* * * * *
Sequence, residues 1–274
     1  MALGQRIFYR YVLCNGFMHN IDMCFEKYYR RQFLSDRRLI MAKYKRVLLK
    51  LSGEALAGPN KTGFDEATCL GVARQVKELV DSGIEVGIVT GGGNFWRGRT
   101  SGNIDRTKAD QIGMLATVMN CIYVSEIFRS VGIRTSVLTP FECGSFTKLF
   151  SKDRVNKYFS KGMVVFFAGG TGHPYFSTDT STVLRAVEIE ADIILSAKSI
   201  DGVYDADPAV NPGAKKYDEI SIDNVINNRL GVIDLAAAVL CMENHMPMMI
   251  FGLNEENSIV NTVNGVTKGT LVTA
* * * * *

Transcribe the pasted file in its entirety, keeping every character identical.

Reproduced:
Sequence, residues 1–274
     1  MALGQRIFYR YVLCNGFMHN IDMCFEKYYR RQFLSDRRLI MAKYKRVLLK
    51  LSGEALAGPN KTGFDEATCL GVARQVKELV DSGIEVGIVT GGGNFWRGRT
   101  SGNIDRTKAD QIGMLATVMN CIYVSEIFRS VGIRTSVLTP FECGSFTKLF
   151  SKDRVNKYFS KGMVVFFAGG TGHPYFSTDT STVLRAVEIE ADIILSAKSI
   201  DGVYDADPAV NPGAKKYDEI SIDNVINNRL GVIDLAAAVL CMENHMPMMI
   251  FGLNEENSIV NTVNGVTKGT LVTA